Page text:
On August 10th we kicked off Part 1 (of 3) of our Laying a Path class. Laying a Path is our way of teaching parents how to lay each stone in the path to learning an important L.A. skill. These classes focus on one area of learning--one skill--showing parents how we teach our students. This month, the class tackles Vocabulary and Word Study--important morphology skills needed for improved spelling, grammar, and comprehension. Parents were excited and engaged, and ready to come back next week.

Moira and I love teaching online classes--helping parents help their kids! We believe that the best learning happens in relationship, so we are here for you. We like to say we are rooting for you and rooting for your kids!

Watch for all our curriculum, online classes, and free ideas! We post everything our @rootedinlanguage Instagram and Facebook pages. We are also in the process of improving our website (www.rootedinlanguage.com) for enhanced navigation and a user-friendly store.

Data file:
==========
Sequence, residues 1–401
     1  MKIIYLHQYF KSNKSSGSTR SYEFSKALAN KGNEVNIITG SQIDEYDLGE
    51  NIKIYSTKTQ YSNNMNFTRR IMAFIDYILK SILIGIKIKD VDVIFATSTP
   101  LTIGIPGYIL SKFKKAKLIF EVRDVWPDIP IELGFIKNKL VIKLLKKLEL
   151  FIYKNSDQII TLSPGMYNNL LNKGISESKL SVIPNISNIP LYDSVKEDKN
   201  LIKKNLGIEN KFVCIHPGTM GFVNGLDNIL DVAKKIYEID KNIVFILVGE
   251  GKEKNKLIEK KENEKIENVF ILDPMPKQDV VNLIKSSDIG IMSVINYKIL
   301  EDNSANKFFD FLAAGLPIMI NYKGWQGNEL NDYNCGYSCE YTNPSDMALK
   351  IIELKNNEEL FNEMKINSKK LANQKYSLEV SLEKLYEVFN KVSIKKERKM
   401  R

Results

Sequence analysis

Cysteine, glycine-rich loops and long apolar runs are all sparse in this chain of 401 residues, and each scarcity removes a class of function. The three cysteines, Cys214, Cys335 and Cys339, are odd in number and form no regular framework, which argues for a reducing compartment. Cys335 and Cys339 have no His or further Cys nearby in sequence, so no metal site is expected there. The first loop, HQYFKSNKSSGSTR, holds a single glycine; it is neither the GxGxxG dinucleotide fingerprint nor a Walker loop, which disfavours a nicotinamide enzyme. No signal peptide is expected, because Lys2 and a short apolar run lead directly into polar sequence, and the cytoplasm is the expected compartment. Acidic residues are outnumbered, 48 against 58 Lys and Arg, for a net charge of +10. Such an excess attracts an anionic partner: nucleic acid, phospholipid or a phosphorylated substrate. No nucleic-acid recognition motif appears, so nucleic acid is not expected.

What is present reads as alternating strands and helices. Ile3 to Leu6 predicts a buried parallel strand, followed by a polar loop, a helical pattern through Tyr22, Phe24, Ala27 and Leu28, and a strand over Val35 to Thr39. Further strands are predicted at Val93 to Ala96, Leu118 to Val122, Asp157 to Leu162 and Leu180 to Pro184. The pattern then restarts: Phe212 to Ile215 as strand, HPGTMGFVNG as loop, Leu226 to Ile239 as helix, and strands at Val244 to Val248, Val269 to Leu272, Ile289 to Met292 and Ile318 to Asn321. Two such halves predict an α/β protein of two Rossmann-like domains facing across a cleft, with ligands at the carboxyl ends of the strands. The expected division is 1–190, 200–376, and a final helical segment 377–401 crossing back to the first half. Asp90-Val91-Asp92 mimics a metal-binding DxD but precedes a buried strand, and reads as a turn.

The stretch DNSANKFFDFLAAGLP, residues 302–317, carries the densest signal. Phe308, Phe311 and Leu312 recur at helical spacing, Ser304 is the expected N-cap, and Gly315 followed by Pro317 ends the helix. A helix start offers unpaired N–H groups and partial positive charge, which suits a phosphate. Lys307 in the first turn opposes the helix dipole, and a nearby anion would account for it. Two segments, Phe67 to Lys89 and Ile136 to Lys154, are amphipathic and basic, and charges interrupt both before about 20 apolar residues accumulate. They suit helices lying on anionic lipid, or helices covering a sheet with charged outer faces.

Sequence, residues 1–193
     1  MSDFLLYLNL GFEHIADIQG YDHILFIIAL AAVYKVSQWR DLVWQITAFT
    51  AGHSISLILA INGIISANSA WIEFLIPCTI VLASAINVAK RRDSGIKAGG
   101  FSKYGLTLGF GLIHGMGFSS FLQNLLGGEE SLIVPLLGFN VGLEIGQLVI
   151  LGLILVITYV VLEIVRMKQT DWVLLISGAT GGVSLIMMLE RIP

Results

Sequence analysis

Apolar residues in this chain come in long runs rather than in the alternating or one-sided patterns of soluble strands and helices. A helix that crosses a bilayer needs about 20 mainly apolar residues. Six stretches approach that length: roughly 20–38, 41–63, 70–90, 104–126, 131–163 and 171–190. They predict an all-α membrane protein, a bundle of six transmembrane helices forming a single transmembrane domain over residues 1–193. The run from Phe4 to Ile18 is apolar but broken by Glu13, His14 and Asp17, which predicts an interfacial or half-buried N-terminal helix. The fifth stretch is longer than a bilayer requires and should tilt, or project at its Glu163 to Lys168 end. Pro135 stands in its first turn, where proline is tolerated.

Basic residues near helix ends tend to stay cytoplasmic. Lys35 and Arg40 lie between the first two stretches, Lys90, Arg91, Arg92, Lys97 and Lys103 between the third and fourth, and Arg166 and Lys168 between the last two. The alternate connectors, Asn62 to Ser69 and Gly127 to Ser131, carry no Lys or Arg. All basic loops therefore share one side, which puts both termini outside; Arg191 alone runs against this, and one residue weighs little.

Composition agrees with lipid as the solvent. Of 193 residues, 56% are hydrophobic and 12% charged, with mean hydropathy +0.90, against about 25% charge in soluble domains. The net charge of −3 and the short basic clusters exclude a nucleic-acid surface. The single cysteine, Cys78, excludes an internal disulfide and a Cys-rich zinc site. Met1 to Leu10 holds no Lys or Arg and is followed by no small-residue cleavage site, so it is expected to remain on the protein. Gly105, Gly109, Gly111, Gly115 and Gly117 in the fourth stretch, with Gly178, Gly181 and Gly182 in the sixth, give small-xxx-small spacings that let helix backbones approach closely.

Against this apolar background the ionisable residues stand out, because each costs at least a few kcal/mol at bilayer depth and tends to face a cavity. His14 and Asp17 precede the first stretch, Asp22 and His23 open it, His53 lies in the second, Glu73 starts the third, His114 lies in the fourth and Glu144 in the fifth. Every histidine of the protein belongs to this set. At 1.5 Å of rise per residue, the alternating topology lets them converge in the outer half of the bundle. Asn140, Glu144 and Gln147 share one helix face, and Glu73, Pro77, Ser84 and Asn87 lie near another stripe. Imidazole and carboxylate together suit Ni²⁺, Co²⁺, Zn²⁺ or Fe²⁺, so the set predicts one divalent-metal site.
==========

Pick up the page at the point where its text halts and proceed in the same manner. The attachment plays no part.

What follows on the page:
I like to say I have 35 years of experience as a Speech-Language Pathologist, but only 18 months experience bringing my ideas to you in an online platform--wherever you are! Together, we can help your kids become the best readers and writers that they can be!

~Rita

Friday, July 28, 2017

WHY "LAYING A PATH"?


I love the metaphor "Laying a Path”--so we use it to label both online classes and curriculum. It is a bit long, so we shorten it: LAP. As in, crawl onto my lap and I will help you . . .

When my kids were young, I joined a garden club, read Michael Pollan, and made a friend who loved to create children’s gardens. The theme of PATH kept coming up over and over again. Paths create interest. Paths are inviting. Paths give a sense of movement. Paths are systems of travel. Paths lead.